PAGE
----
Positive rheumatoid factor blood test: What does it mean?

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Positive rheumatoid factor blood test: What does it mean?

Question

What conditions — other than rheumatoid arthritis — can cause a positive rheumatoid factor test?

Joyce
Arizona

Answer

Rheumatoid factors (RFs) are antibodies that attach to other antibodies and may trigger inflammation in the body. A positive rheumatoid factor test means that rheumatoid factor has been detected in your blood. This test is used mainly to diagnose rheumatoid arthritis (RA) — about 80 percent of people with RA test positive for rheumatoid factor. But other conditions also can cause a positive rheumatoid factor test, including:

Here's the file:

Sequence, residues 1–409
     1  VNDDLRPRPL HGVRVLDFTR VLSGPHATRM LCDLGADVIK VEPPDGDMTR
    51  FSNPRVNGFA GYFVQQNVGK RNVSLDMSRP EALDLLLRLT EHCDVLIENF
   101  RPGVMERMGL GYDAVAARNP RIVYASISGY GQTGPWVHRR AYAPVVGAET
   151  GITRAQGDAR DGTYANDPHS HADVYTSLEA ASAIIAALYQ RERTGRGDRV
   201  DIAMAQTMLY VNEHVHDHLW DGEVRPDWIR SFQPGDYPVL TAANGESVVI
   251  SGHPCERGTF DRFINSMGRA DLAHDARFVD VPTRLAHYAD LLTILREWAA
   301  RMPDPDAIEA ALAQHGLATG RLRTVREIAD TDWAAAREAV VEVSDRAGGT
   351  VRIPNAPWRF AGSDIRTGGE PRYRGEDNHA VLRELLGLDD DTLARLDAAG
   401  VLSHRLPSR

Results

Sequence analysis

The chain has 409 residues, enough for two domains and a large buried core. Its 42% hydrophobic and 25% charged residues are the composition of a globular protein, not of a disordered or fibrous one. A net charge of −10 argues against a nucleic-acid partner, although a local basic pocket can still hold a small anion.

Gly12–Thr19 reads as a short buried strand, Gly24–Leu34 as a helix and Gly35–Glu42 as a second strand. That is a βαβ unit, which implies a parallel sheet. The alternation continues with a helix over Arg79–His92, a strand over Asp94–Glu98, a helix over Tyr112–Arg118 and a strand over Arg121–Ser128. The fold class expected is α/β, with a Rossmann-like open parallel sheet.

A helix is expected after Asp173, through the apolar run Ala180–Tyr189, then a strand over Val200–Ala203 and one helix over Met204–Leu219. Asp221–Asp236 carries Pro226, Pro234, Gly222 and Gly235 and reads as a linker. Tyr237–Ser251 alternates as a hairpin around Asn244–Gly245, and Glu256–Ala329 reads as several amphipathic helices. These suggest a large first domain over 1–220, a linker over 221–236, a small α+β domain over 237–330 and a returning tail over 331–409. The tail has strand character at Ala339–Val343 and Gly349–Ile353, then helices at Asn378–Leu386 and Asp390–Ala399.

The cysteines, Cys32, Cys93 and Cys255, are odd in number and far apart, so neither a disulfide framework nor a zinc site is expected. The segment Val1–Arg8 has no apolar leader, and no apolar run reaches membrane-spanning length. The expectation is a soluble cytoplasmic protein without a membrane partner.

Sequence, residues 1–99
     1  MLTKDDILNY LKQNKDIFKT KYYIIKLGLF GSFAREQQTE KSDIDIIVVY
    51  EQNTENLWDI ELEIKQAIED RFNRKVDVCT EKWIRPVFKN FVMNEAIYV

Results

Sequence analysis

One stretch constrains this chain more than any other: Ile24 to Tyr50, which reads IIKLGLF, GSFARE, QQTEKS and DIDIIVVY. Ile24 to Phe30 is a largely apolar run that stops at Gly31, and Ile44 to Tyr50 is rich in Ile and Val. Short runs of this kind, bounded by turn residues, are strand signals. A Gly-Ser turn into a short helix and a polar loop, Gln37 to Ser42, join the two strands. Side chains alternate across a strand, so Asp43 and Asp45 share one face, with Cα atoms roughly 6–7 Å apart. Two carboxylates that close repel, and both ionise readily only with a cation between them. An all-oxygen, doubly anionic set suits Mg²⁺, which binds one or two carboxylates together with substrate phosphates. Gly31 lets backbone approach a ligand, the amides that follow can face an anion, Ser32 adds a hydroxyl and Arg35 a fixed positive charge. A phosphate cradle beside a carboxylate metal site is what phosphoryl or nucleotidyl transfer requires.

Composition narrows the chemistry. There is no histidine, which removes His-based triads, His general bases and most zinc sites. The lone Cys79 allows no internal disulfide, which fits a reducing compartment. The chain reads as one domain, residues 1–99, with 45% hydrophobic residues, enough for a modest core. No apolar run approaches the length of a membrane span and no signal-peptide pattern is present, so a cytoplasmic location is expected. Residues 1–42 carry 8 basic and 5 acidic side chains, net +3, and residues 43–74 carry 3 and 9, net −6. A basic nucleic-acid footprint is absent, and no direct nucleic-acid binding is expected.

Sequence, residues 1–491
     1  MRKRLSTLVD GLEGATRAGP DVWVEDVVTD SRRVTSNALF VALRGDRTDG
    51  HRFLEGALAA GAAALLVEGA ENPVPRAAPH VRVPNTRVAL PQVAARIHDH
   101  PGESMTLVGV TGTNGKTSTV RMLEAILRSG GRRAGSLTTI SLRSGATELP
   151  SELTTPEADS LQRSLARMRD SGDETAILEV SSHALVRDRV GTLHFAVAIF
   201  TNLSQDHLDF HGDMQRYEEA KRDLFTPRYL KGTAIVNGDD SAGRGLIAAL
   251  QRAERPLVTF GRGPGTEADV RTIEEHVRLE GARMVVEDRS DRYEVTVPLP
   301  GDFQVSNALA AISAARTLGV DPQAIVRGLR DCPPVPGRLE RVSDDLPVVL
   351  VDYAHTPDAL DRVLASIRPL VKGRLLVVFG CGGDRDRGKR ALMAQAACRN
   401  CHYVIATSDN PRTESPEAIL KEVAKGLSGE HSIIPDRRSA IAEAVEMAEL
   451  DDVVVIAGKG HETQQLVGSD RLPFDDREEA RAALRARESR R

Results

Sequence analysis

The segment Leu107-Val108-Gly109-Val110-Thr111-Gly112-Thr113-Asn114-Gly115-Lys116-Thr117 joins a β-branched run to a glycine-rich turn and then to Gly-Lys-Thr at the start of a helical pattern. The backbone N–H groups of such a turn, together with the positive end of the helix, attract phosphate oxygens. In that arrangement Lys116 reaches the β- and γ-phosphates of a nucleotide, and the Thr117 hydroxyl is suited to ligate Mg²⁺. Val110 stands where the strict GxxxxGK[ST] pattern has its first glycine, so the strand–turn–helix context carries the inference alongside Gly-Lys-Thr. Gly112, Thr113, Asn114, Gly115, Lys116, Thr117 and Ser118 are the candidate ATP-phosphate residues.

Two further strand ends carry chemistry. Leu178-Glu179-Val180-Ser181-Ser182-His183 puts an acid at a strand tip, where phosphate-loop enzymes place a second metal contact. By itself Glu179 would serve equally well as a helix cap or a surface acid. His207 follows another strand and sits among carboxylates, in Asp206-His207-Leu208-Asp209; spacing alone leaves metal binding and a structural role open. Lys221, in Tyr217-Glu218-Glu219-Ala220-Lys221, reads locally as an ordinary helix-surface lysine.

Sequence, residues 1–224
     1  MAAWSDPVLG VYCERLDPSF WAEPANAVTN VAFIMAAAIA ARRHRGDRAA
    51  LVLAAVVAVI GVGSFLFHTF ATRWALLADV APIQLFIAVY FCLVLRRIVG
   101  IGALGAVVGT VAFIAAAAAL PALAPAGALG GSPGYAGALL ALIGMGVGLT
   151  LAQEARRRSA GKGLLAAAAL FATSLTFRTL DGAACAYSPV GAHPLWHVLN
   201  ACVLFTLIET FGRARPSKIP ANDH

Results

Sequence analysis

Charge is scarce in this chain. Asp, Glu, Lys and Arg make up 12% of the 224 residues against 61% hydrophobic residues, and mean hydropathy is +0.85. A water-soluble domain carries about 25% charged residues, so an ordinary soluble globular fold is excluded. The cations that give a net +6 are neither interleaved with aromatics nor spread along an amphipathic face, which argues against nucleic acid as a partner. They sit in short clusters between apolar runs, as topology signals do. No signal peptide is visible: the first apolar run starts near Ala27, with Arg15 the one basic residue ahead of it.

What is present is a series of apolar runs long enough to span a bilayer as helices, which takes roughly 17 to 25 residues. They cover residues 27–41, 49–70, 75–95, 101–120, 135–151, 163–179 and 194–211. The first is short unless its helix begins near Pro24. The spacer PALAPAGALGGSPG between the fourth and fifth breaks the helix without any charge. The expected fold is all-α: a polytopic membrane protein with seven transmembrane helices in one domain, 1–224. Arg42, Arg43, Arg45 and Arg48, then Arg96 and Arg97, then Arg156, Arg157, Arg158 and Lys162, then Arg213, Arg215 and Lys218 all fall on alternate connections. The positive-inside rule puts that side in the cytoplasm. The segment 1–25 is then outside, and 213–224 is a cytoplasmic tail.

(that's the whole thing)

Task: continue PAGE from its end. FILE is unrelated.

• Sjogren's syndrome
  • Chronic mononucleosis
  • Chronic hepatitis
  • Lupus
  • Tuberculosis
  • Sarcoidosis
  • Dermatomyositis
  • Scleroderma
  • Bacterial endocarditis
  • Primary biliary cirrhosis
  • Leukemia

In addition, rheumatoid factor can also be detected in healthy people. It's important to discuss with your doctor the significance of a positive rheumatoid factor test in your specific situation.

Last Updated: 10/18/2006
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